Environmental niche modelling is an acclaimed method for estimating species’ present or future distributions. However, in marine environments the assembly of representative data from reliable and unbiased occurrences is challenging. Here, we aimed to model the environmental niche and distribution of marine, parasitic nematodes from the Pseudoterranova decipiens complex using the software Maxent. The distribution of these potentially zoonotic species is of interest, because they infect the muscle tissue of host species targeted by fisheries. To achieve the best possible model, we used two different approaches. The land distance (LD) model was based on abiotic data, whereas the definitive host distance (DHD) model included species-specific biotic data. To assess whether DHD is a suitable descriptor for Pseudoterranova spp., the niches of the parasites and their respective definitive hosts were analysed using ecospat. The performance of LD and DHD was compared based on the variables’ contribution to the model. The DHD-model clearly outperformed the LD-model. While the LD-model gave an estimate of the parasites’ niches, it only showed the potential distribution. The DHD-model produced an estimate of the species’ realised distribution and indicated that biotic variables can help to improve the modelling of data-poor, marine species.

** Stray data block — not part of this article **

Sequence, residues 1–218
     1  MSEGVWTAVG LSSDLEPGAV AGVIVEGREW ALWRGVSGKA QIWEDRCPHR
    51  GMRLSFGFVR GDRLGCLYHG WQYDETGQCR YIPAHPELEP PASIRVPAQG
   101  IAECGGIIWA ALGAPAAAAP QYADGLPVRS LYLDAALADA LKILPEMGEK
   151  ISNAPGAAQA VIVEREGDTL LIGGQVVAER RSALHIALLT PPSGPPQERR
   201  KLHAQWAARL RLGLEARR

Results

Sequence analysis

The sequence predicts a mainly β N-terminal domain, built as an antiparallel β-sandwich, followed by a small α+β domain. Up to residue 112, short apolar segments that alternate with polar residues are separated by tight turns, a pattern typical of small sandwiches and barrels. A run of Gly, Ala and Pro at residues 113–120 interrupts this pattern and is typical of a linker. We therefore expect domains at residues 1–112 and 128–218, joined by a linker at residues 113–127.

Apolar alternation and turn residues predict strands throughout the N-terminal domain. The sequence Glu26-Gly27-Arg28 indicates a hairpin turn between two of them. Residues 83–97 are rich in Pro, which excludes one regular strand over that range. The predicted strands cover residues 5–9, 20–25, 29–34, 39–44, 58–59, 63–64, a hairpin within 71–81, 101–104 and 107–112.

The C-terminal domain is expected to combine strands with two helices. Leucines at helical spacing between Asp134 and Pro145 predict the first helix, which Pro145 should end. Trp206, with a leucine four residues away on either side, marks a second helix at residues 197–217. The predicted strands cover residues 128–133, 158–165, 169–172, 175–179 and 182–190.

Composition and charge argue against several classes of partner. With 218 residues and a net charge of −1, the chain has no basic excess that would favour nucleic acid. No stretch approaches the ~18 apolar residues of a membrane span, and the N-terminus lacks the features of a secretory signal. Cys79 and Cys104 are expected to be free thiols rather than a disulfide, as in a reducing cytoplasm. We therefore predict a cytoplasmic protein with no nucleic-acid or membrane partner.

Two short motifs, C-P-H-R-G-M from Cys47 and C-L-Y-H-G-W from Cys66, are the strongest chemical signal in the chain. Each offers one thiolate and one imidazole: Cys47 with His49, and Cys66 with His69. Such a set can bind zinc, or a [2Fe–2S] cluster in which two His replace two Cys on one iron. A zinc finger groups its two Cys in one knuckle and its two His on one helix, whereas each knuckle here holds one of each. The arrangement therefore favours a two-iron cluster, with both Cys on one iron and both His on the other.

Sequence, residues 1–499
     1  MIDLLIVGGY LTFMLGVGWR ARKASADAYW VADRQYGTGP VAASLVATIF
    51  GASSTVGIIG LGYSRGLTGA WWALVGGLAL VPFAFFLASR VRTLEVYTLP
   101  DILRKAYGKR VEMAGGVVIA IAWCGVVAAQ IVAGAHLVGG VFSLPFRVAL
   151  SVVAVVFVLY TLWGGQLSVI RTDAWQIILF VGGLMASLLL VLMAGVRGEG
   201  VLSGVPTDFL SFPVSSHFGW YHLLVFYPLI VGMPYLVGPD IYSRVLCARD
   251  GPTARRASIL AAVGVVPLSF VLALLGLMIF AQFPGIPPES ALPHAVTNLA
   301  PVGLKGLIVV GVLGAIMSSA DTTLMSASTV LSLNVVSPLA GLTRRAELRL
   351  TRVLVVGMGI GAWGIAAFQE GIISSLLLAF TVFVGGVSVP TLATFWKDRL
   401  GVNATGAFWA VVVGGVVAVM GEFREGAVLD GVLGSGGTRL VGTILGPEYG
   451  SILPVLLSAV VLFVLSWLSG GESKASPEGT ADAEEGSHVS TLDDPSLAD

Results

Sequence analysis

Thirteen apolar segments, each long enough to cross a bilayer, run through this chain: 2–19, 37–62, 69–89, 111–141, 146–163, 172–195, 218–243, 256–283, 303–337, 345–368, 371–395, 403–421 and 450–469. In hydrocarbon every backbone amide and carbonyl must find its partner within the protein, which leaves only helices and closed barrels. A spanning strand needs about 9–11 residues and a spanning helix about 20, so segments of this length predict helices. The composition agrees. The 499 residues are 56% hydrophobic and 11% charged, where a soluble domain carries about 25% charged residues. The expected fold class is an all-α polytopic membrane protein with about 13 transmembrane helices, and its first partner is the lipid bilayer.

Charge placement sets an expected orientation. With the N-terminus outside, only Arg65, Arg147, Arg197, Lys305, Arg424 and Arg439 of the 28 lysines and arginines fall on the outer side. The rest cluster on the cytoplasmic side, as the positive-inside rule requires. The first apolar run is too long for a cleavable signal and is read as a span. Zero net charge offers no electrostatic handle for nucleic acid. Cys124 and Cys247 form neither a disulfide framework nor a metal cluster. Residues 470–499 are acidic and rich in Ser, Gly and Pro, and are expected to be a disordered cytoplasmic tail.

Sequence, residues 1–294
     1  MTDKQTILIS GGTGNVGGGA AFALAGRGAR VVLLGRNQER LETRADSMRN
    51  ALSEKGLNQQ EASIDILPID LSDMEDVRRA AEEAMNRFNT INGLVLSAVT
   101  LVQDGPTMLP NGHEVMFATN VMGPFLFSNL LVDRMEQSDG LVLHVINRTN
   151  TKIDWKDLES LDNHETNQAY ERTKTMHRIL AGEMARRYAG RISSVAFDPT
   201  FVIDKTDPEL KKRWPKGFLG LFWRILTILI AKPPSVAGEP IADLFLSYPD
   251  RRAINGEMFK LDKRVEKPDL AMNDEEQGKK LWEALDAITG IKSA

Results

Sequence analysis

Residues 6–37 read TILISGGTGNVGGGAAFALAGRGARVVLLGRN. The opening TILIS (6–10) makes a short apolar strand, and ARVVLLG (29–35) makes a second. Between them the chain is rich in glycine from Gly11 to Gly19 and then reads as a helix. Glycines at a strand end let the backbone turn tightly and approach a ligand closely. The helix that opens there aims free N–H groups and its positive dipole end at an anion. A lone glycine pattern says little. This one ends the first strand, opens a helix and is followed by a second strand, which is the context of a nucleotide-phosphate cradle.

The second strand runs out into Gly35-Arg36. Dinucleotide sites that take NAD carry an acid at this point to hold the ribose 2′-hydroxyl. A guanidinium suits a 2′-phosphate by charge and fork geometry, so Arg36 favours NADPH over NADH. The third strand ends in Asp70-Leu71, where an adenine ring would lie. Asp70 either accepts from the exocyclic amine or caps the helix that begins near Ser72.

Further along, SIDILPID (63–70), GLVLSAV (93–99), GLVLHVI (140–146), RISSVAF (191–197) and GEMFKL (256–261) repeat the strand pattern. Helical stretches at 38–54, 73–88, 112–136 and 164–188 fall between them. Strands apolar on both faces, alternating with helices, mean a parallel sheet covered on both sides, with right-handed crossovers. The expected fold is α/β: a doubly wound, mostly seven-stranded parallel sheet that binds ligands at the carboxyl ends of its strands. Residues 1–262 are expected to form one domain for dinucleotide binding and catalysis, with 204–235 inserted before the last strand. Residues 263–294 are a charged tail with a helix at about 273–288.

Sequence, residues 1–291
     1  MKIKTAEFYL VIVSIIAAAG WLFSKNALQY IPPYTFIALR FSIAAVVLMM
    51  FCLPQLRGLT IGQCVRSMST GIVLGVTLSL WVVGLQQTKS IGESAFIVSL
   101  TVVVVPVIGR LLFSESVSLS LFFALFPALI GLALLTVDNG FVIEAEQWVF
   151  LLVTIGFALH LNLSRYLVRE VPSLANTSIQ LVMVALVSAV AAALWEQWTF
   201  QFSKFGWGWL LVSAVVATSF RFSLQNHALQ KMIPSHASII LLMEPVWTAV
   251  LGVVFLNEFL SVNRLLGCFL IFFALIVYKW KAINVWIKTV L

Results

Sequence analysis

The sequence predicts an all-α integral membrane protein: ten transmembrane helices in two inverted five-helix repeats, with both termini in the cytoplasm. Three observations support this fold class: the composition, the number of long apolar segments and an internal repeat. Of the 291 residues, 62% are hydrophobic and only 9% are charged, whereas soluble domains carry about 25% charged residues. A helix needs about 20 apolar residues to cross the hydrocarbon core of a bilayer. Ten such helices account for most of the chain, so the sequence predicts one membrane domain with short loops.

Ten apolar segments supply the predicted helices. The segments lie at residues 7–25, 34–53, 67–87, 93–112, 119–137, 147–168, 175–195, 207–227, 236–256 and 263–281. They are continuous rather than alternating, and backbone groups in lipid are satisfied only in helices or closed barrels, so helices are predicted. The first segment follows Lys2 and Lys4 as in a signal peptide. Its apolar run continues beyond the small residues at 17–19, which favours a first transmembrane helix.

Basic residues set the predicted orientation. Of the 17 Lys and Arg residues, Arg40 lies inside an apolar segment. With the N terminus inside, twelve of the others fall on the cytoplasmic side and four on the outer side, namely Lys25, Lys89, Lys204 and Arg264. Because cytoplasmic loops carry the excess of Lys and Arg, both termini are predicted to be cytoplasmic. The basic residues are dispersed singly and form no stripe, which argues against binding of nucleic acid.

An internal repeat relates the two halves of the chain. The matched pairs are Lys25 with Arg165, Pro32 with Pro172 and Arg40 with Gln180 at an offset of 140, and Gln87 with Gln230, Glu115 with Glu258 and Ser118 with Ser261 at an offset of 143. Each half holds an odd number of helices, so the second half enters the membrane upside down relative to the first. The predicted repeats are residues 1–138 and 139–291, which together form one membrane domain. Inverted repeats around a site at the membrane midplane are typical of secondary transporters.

Distributions of Species